Vaishnavism refers to the worship of Vishnu or some of his other forms such as Rama and Krishna. Songs were composed with either the nirgun (without attributes) or sagun (with attributes) attributes. In his book “A Storm of Songs: India and the Idea of the Bhakti Movement”, John Stratton Hawley writes “In regards to Bhakti poetry, the contrast comes to have a related meaning: a contrast between the poetry of ordinary life (“attributeless” in this sense: lacking the plot of a divine narrative) and poetry that situates itself in the charmed (attributeful) realm of divine play or lila” (2015). Surdas (15th c.) was a blind poet and musician who composed thousands of songs collectively called Sur Sagar. Written in Braj Bhasha, a dialect of Hindi, his work speaks of the individual soul’s hankering for the God, through tales of Radha’s love for Krishna. Tulsidas (16th c.) a prolific poet in Hindi, most famous for rendering the great Indian epic Ramayan in Awadhi, believed that the love of a devotee was what transformed the formless Absolute Nirguna into a personal God, Saguna. In his work Shikshashtakam, eight devotional verses in Sanskrit, the mystic from eastern India, Chaitanya (15th c.) a proponent of Bhakti yoga, espouses his belief that the aim of life is to attain the feet of the Lord. In southern India, the Naalayiru Divya Prabandham, a collection of 4000 Tamil verses composed by the twelve Alvars in praise of Narayana (Vishnu) are part of the daily worship sung at temples such as Srirangam, the bastion of Vaishnavism even today. In his “Hymns for the Drowning:Poems for Visnu by Nammalvar (translated from Tamil)” the scholar A.K.Ramanujam says “Bhakti poems are often written in folk meters, modelled on folk genres: good examples are Periyalvar’s lullabies with ta le lo refrains, poems on Krsna’s pot-dances..” (1981).
Bhakti music played a critical role in how one visualized the deity on which the songs were composed. Along with the lyrics, the ragas (melodies) of the music created strong feelings such as karuna (compassion), pyaar (love), saranagathi (surrender) towards God. The image of the deity is retained by singing or listening to such music that describes the various attributes of God. As neuroscientist Malini Mohana put it “Music crosses all borders of nationality, race, and culture. A tool for arousing emotions and feelings, music is far more powerful than language.”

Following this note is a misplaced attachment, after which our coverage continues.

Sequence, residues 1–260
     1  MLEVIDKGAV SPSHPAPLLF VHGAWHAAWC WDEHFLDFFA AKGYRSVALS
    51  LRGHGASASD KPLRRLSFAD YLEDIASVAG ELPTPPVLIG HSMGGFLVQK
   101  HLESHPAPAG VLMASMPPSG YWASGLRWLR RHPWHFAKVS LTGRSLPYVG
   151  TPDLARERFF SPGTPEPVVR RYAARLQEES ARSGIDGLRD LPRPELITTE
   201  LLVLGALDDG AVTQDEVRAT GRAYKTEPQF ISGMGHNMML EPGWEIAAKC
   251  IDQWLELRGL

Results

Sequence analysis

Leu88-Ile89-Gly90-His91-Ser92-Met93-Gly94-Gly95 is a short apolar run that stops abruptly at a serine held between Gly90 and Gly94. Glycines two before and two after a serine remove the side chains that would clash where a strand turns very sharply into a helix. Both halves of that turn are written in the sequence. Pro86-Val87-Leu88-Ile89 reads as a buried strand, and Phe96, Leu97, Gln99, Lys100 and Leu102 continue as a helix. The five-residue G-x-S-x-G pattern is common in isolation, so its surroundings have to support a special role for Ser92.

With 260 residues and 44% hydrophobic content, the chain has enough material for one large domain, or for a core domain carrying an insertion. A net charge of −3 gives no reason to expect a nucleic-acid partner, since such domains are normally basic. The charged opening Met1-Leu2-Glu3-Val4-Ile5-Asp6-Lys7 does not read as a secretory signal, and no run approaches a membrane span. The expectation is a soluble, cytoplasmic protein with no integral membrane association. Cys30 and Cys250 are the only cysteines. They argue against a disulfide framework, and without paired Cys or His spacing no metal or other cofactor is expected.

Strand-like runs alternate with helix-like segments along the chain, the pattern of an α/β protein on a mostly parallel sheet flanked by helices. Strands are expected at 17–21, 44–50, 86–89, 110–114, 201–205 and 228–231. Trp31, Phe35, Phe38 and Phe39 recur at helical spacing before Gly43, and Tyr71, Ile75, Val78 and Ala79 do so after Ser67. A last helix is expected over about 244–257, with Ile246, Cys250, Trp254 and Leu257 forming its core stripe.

Northern and Southern India
In northern India, Bhakthi lyrics gained momentum with the Dhrupad format, the oldest style of Hindustani classical music. Dhrupad is somber and spiritual music presented in a slow tempo, four section vocal renditions of poems in certain ragas (melodies). Like in most musical forms, dhrupad originated in temples and royal courts and by continued patronage by the wealthy, persevered through the years. It retains its original form even today. The Dagar family and Gundecha brothers are well known exponents of the Dhrupad genre.
In southern India, the Pada-Kirtan came to be known as kriti which evolved from the keerthanas of Purandaradasa, one of the Haridasas, (devotees of Hari) from Karnataka. Purandaradasa is also credited to have laid the foundation for the structure of Carnatic music, the classical music of southern India. Annamacharya, a precursor to Purandaradasa is the earliest known composer of sankeertanas in praise of the deity Venkateshwara (Vishnu) in Telugu. The kriti format evolved into three sections – pallavi (refrain), anupallavi (middle verse elaborating on the refrain) and charanam (stanzas). Though the kriti and bhajan are similar as they are centered around religious and spiritual themes, a key distinction between the two is that the former is more structured and presented by trained musicians as part of the classical concert repertoire while the latter is free form and normally sung as a “light piece” at the end of classical concerts. While kirtan has a chant, a hymn that serves as a refrain for the audience to repeat, a bhajan (which means ‘to share’) is often a song where the audience is more participative by singing along or clapping throughout the performance.